A new report from the UK Chartered Institute of Personnel and Development (CIPD) has found LGBTQ+ employees are more likely to feel unsafe and experience harassment in the workplace compared to their straight, cisgender counterparts. The study was conducted as part of CIPD’s Inclusion at Work: Perspectives on LGBT+ Working Lives report. After interviewing over 15,000 UK workers, it found 40% of all LGBTQ+ employees had experienced workplace conflict in the past 12 months compared to 10% of non LGBTQ+ people.
A further 55% of trans people reported experiencing workplace conflict over the course of the past year. 16% of LGB+ workers and 18% of trans employees said they felt unsafe at work, compared to 10% of non-LGBTQ+ people. Only 26% of trans employees said their job had a positive impact on their mental health, compared to 38% of cisgender employees. 14% of all LGBTQ+ people said they had been verbally abused in the workplace, with 4% receiving threats of violence.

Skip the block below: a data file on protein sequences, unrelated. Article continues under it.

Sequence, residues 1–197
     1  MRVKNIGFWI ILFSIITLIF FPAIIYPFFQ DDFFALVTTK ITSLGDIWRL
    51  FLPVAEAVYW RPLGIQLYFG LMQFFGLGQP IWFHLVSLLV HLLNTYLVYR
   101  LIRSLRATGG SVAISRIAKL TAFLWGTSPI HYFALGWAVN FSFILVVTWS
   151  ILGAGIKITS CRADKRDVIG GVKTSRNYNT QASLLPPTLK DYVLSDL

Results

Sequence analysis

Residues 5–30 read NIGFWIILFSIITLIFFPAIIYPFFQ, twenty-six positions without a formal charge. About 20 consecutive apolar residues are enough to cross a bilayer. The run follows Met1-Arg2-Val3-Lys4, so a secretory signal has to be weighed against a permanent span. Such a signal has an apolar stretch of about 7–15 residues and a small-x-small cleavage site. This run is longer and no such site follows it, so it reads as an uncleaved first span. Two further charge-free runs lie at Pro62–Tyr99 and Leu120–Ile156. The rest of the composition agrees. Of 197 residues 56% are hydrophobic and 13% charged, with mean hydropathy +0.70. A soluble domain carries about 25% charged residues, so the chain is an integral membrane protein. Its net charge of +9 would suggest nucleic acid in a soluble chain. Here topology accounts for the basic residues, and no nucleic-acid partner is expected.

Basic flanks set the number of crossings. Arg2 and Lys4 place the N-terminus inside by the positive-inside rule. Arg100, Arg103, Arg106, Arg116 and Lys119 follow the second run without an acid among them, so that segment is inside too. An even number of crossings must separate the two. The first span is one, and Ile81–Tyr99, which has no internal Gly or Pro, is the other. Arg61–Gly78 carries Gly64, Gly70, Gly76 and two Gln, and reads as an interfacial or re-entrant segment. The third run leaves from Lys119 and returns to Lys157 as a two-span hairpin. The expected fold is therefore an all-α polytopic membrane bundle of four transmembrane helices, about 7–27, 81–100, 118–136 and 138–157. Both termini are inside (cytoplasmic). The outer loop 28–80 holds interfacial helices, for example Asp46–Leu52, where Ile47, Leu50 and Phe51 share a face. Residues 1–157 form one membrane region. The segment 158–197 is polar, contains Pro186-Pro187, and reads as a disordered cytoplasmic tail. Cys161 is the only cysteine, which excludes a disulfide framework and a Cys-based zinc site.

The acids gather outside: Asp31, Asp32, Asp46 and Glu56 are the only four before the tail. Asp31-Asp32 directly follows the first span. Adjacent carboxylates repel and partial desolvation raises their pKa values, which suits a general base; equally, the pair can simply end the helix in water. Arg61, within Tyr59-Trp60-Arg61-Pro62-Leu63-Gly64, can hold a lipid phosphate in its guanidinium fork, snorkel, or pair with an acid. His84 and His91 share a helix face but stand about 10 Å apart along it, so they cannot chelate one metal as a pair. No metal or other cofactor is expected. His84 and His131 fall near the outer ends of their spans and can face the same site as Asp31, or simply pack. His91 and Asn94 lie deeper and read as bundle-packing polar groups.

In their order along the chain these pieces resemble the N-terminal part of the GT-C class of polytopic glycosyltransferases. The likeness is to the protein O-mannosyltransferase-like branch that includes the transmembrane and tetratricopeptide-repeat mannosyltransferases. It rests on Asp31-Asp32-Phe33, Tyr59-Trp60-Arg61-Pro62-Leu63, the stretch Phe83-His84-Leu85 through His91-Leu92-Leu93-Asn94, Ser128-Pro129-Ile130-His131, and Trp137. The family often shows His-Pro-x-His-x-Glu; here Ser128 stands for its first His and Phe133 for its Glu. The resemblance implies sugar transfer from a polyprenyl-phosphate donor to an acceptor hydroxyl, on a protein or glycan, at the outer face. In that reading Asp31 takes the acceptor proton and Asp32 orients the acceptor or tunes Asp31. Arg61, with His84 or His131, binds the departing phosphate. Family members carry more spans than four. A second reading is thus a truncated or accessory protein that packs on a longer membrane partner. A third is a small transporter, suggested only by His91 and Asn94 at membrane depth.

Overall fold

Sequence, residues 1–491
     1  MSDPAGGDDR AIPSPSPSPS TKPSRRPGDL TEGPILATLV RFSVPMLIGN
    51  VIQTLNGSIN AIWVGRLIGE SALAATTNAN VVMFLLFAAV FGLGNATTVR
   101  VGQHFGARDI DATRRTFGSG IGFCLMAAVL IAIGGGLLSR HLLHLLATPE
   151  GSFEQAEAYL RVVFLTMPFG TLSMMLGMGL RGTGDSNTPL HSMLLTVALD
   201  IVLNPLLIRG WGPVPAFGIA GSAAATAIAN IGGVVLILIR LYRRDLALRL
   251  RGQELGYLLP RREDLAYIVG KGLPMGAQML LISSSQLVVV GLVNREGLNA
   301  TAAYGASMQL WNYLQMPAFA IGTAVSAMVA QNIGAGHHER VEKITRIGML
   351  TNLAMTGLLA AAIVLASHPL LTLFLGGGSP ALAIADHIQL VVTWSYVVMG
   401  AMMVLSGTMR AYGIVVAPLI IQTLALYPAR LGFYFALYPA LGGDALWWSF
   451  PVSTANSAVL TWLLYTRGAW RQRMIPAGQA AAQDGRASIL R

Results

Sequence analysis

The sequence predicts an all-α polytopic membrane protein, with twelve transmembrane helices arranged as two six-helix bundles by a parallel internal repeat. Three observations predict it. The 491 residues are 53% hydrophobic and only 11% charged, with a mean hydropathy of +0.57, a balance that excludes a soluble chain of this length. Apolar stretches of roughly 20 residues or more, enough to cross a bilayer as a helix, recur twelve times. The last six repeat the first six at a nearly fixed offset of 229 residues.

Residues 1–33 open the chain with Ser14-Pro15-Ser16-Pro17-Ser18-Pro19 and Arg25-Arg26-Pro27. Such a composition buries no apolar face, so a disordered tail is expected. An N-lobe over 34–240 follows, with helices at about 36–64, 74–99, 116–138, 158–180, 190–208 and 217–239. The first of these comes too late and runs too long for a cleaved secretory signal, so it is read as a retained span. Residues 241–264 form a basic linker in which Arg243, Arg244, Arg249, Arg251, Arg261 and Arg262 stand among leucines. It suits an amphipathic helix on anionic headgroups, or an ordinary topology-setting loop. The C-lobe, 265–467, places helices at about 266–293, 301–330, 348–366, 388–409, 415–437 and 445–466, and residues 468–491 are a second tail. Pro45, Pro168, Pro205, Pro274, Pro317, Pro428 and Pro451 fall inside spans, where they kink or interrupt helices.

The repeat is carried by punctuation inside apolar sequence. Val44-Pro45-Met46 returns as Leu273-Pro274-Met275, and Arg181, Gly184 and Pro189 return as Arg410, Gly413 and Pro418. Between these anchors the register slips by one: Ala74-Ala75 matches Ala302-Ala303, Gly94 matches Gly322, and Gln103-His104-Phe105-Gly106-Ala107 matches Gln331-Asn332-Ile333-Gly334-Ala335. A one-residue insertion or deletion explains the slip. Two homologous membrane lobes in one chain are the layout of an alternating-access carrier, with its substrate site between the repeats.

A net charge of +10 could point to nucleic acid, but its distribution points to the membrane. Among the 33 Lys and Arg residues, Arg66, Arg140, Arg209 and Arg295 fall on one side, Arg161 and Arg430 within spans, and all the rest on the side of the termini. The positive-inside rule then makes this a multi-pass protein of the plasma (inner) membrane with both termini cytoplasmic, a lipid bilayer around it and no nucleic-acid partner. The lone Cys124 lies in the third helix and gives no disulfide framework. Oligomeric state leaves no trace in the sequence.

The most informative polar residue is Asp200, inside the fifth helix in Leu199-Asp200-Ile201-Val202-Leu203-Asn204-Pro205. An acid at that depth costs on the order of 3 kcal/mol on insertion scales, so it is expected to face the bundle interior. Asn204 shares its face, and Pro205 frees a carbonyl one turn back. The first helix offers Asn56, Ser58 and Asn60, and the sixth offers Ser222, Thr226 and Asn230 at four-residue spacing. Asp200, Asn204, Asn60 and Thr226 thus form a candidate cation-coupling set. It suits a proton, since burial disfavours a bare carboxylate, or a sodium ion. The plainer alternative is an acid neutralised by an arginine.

Kate Williams, associate director of workplaces at LGBTQ+ organisation Stonewall, said these figures were “another upsetting reminder” of the discrimination and harassment LGBTQ+ people continue to face in the workplace, adding: “Our own research shows more than a third of LGBT+ staff have hidden their identity at work for fear of discrimination, and one in four trans people aren’t open with anyone at work about being trans.” They urged employers to create LGBTQ+ friendly workplaces: “Employers must be clear that they have a zero-tolerance approach to anti-LGBTQ+ discrimination and take steps to ensure that all their lesbian, gay, bi and trans staff are safe, confident and supported at their workplace.”
CIPD’s report suggests companies should “strengthen the ways through which LGBTQ+ workers can feel socially connected and included”, and improve trans-supportive organisational policies and practices. It also urged the UK government to sponsor research on LGBTQ+ equality.